When planning to upgrade to an SSD, there are a few things to need to keep in mind. First, and most important, is that because SSDs today are small compared to mechanical drives, chances are good that you are going to have more “used” space on your primary drive than the SSD can hold, and that’s obviously a problem when it comes to cloning.
The solution is simple… clean up your drive and make sure that no more than 85% of the SSD you’re planning to upgrade to is used on your main drive. Since we are dealing with a 80GB drive here, our main OS drive can have no more than 68GB of used space. It’s important to note that we’re dealing with full disks here, and not partitions, so if you have more than 68GB used across multiple partitions on the same drive, the cloning process will not be allowed to take place.
This is a limitation I’m not too thrilled over, but I’m hoping that it will effect few people. If you have more than one hard drive in your machine, and the other hard drives have a lot of free space, then that’s where you’ll want to back up a lot of the data on your main drive to, if you have to take the route of cleaning it up in order to free up enough space for the clone to take place.
What you should take away from this limitation is that your main drive shouldn’t have any partitions at all. You cannot split your main drive into two in order to use the second for backing up the data, because it just won’t work. This is a limitation of the included software, which is True Image HD by Acronis. I have a good feeling that Acronis’ full-blown Home or Business edition could do things on partition-by-partition basis, but to offer this kit at an affordable price, Kingston obviously had to make some choices.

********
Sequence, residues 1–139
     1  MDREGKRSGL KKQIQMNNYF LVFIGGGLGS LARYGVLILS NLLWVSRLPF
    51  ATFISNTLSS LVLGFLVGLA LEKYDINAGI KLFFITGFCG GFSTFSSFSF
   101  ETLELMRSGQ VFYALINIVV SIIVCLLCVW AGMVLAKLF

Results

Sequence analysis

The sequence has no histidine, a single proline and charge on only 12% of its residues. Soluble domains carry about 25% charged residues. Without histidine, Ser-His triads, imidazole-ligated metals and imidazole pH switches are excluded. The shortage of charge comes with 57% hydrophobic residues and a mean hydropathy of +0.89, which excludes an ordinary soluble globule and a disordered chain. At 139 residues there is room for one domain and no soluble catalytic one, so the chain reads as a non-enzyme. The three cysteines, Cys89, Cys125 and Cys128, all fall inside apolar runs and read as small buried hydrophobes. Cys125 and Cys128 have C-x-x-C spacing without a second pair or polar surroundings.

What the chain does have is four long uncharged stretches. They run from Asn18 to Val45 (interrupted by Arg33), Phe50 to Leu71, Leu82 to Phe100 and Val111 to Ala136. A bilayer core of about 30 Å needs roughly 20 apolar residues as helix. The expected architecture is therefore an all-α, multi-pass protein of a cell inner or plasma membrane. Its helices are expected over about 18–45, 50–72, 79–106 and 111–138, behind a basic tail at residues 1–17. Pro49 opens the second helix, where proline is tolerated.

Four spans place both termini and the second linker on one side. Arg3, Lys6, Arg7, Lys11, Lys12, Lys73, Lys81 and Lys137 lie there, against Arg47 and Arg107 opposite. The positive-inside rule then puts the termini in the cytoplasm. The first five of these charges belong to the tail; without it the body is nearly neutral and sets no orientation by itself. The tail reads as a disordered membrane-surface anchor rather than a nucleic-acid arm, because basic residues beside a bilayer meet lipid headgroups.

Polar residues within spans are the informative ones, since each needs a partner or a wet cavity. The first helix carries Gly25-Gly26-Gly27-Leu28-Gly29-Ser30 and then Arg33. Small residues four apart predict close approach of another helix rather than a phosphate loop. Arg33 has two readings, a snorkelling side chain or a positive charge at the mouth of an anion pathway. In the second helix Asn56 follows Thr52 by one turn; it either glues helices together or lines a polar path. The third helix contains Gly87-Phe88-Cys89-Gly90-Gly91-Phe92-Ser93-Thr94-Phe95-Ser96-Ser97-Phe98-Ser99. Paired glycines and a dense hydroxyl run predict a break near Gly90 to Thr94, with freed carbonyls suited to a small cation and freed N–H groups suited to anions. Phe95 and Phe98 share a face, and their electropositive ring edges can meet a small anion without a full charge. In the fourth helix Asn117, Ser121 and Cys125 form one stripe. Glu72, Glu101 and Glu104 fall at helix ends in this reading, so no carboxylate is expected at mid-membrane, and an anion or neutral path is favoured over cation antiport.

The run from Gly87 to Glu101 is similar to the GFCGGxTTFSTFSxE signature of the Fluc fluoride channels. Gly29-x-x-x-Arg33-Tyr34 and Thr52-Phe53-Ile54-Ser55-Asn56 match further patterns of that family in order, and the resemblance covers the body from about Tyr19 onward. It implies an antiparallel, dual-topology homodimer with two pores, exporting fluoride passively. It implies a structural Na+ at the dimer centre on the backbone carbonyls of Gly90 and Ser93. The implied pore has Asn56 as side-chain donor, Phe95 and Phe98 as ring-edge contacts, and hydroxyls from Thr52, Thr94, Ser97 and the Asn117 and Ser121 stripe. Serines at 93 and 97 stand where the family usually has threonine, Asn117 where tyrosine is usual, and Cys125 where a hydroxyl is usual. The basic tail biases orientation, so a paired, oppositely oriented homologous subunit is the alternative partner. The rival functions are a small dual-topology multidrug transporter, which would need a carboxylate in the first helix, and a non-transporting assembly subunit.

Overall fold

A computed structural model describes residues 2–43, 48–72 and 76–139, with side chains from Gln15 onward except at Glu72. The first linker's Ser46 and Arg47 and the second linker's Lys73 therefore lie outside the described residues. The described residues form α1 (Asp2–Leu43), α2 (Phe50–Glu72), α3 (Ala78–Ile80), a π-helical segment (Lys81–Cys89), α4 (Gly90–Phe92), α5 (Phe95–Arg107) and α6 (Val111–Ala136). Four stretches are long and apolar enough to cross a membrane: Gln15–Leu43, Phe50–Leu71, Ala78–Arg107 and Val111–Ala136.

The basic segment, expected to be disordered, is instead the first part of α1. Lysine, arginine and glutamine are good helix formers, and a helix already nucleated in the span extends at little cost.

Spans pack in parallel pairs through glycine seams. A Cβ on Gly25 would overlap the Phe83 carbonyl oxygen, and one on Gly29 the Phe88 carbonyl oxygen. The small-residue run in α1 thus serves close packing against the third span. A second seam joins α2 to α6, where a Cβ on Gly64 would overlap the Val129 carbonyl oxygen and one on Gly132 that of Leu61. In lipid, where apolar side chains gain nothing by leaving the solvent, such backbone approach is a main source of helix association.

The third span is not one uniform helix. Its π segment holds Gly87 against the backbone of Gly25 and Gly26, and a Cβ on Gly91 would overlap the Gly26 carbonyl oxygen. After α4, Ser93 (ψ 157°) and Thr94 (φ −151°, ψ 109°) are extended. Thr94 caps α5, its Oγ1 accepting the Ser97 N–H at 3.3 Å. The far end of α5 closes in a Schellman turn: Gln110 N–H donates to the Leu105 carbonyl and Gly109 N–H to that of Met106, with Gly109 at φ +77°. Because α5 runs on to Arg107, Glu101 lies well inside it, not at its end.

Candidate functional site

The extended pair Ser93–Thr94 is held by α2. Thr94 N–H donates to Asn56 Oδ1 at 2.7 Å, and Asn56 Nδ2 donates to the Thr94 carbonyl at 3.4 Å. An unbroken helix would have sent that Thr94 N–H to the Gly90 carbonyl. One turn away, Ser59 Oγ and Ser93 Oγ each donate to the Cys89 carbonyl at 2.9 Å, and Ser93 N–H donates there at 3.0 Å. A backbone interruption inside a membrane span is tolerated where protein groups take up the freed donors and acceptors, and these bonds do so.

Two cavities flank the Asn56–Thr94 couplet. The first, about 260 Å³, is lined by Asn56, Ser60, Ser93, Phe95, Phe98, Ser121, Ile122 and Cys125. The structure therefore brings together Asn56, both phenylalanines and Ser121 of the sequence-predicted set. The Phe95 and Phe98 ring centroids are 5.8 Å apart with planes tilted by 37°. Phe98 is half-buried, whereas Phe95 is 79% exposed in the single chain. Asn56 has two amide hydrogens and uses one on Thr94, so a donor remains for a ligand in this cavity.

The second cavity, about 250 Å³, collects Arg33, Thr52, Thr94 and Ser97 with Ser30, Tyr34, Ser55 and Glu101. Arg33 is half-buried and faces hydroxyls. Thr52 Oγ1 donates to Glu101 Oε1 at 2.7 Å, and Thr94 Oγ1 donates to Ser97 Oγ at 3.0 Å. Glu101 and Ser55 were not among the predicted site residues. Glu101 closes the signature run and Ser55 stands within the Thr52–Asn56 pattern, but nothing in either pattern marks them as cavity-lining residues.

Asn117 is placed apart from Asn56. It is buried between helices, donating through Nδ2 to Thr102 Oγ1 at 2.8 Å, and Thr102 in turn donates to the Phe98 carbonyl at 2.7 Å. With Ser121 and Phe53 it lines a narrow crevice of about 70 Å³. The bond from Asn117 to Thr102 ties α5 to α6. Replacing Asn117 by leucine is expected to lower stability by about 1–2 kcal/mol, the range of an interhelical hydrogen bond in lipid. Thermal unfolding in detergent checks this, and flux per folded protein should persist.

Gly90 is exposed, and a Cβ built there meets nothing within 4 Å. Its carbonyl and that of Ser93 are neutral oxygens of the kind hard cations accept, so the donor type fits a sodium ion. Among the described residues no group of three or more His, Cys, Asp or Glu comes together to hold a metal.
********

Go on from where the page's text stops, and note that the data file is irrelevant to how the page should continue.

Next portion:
To help properly test this upgrade kit, I first formatted the notebook being used, and set it up according to how I’d set it up if I were to actually use it in day-to-day life. This meant installing all of the applications I’d use on a regular basis, including related profiles for those applications (specific user data, such as for e-mail, IM logs and information, et cetera) and of course, also my regular documents folder, which included over 30GB worth of documents and photos.
I deliberately installed more than 80GB worth of stuff in order to get a realistic perspective on things. Chances are good that you’ll also have more than 80GB used on your primary drive, so it seemed fair to take the same route. Plus, at this point I wasn’t sure of the limitations of the included cloning software, but I can say that in order to get anywhere, you have to be using no more than 68GB.
Here’s what was installed before I performed a “clean up”:
About 124GB used, which spanned numerous applications, five games (three Steam, two non-Steam), and other things you’d expect to see on a regular PC, such as IM clients, Microsoft Office, audio stuffs, all in addition to whatever was found in my documents folder.
Prior to cleaning things up, I defragged the full hard drive and was left with a nice result:
With the freshly-defragged drive, I ran a few iterations of HD Tune, and saw an average read speed of 65.3MB/s and a minimum of 38.3MB/s. This was done on a 320GB 7200GB Seagate Momentus drive, so it’s quite fast for something found in a notebook. We’re sure to see some stark differences after we upgrade to our SSD, though.
Because I had far too much used space on this drive, I had no choice but to uninstall what I could in order to get the size down to something a little more modest. To do so, I first backed-up my entire documents folder to an external drive, then uninstalled Lineage II, and all three games I had in steam. That left me with 64GB used, 4GB away from the limit. But, I was good to roll.